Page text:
Reading that 1988 Kurtz article, a passage leapt out at me for its similarity to something I wrote 19 years later. First, here are some lines from the end of my 2007 manifesto essay “Where Do We Go From Here?” (PDF) (a manifesto written partly in response to arguments Paul Kurtz was then making about widening the scope of skepticism away from our traditional mandate of critical, science-based evaluation of paranormal claims.1 I argued that we should instead re-focus on testable paranormal and pseudoscientific claims, despite the exhaustion skeptics sometimes feel at the endlessness of that task):
Paranormal scams will continue to happen, while evidence-based reasoning frequently won’t. Media sources will continue to exploit our fears and hopes, and some people will continue to mislead others for money and power. … We can’t win any ultimate victory over superstition or ignorance, but we can do a lot of good if we fight hard enough. … Burnout is a problem…our heroes—folks who’ve been hammering the same damn Whack-a-Moles for decades—face every day. … If skepticism is a Sisyphean task, then we will always need more people who are enthusiastic about rolling rocks.2
Now, here is that passage that Paul Kurtz wrote two decades earlier:
Do we ever get “skeptic’s burnout”? Well, we do feel somewhat like Sisyphus pushing a rock up a hill—and as soon as it gets near the top it rolls back down and we have to start all over again. But what if CSICOP did not exist? Imagine a situation in which there was no critical dissent at all. Psychics, astrologers, soothsayers, and gurus would no doubt cheer and make the most of it. Burnout or not, we still have work to do. I am convinced that paranormal belief systems are the expression of deep-felt needs of the human psyche and that that is why they persist. Nevertheless, it is necessary to provide a critical alternative so that those who are interested in the scientific case can have the facts.3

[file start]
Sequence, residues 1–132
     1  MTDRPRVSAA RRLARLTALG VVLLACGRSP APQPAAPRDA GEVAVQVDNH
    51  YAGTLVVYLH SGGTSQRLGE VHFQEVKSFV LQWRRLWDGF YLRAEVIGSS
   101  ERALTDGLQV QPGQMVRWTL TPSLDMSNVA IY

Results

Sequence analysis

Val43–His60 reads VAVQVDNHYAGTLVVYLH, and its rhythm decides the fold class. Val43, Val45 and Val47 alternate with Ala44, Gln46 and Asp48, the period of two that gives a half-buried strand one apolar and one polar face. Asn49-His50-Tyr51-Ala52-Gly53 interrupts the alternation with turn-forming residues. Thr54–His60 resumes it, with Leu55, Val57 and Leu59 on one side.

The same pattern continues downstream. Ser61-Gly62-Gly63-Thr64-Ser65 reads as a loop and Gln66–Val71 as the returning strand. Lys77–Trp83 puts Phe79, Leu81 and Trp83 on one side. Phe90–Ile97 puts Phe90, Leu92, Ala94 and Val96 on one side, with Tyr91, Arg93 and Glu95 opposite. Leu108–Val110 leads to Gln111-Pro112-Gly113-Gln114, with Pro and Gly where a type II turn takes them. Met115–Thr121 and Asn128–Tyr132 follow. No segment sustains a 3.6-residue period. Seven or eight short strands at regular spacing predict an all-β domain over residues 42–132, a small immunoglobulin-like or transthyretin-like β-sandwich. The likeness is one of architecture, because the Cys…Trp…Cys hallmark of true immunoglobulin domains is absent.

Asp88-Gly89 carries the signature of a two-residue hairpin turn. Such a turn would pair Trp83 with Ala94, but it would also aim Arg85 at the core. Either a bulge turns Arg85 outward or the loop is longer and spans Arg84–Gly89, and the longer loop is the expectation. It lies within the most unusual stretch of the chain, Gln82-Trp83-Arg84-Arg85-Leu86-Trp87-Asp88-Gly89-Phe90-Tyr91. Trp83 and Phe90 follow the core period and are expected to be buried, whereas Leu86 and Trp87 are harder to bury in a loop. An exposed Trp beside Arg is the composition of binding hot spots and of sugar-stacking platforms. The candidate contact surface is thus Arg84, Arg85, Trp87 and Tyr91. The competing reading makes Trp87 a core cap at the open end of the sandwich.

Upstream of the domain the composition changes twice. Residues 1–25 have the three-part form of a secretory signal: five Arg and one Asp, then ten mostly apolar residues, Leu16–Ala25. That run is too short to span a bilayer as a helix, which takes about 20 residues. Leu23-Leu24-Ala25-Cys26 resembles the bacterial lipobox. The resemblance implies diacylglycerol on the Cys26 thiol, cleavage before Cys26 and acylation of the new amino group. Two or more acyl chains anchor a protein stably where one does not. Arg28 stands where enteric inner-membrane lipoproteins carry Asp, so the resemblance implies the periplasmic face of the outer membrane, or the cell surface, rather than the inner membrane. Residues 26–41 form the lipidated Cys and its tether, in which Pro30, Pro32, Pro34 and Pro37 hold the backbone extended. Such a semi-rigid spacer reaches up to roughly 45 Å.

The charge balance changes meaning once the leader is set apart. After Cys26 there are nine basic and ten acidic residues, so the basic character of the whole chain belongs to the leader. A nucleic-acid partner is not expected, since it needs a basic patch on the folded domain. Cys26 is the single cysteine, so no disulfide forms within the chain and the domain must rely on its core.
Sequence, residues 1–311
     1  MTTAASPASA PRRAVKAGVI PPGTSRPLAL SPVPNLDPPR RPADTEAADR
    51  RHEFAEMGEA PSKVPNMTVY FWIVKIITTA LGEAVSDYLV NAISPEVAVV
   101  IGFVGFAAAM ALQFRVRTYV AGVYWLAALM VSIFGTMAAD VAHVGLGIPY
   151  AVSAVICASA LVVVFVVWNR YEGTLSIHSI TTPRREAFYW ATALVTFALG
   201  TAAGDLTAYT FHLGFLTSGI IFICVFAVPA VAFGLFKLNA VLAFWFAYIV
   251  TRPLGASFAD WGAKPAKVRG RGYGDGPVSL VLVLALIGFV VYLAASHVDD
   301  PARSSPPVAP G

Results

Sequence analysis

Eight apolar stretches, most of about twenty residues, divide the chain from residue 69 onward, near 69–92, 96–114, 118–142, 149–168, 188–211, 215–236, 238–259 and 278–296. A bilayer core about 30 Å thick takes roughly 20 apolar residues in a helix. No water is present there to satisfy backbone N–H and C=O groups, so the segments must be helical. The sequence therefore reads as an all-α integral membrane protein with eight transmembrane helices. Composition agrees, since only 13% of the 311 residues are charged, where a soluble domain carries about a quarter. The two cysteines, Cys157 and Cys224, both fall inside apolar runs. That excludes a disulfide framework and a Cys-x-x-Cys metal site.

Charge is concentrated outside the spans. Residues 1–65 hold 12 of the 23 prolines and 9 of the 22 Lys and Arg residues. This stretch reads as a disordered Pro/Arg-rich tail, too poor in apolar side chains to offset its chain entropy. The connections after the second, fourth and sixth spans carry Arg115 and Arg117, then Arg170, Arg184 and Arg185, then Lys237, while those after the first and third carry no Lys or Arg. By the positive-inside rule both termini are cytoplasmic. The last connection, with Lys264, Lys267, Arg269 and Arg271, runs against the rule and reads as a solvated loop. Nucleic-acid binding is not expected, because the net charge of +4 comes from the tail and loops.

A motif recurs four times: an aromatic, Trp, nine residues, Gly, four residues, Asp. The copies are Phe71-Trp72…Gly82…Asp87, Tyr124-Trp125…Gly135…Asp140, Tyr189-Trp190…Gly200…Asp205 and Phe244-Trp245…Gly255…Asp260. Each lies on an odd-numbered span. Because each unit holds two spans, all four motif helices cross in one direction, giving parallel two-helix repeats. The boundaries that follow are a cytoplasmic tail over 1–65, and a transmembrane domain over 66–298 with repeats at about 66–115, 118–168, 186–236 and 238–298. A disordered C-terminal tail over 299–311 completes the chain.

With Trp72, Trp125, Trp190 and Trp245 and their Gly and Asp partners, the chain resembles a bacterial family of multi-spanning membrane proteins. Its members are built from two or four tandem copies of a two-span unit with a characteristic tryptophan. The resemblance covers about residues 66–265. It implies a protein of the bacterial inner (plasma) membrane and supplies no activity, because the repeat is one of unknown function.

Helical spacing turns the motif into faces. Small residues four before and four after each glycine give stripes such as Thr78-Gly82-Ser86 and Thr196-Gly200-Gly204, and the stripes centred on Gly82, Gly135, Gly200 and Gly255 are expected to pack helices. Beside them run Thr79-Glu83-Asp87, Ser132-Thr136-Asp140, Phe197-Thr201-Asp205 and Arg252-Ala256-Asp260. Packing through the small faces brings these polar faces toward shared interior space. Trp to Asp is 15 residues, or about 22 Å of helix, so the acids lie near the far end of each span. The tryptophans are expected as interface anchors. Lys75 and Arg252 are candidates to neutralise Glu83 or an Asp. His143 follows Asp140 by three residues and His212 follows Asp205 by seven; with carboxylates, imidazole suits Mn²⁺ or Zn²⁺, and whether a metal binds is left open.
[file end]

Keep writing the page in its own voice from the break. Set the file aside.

This Kurtz quote also resembles arguments I’ve continued to advance since 2007 (especially in a hefty unpublished piece) that the skeptical movement is not a rationalist revolution, but merely the useful ongoing work of pursuing scholarship in otherwise neglected fringe topics and then making that scholarship available to anyone who wishes to make use of it.
I don’t mean to position this similarity as any sort of “gotcha.” A lifetime of ideas is a complex, evolving thing. People who follow Kurtz’s work (he’s among my heroes) already know that he became less interested in paranormal claims later in his career, and more interested in attempting to create a unified rationalist movement.4 It’s not a surprise to me that the Kurtz of the 1970s and 1980s advanced views closer to my own views today; indeed, it’s a theme of my career that pioneers like Kurtz had it right in the first place. I’m a creature of the CSICOP tradition. My views were shaped by that older work, and the scientific skepticism that I promote reflects that.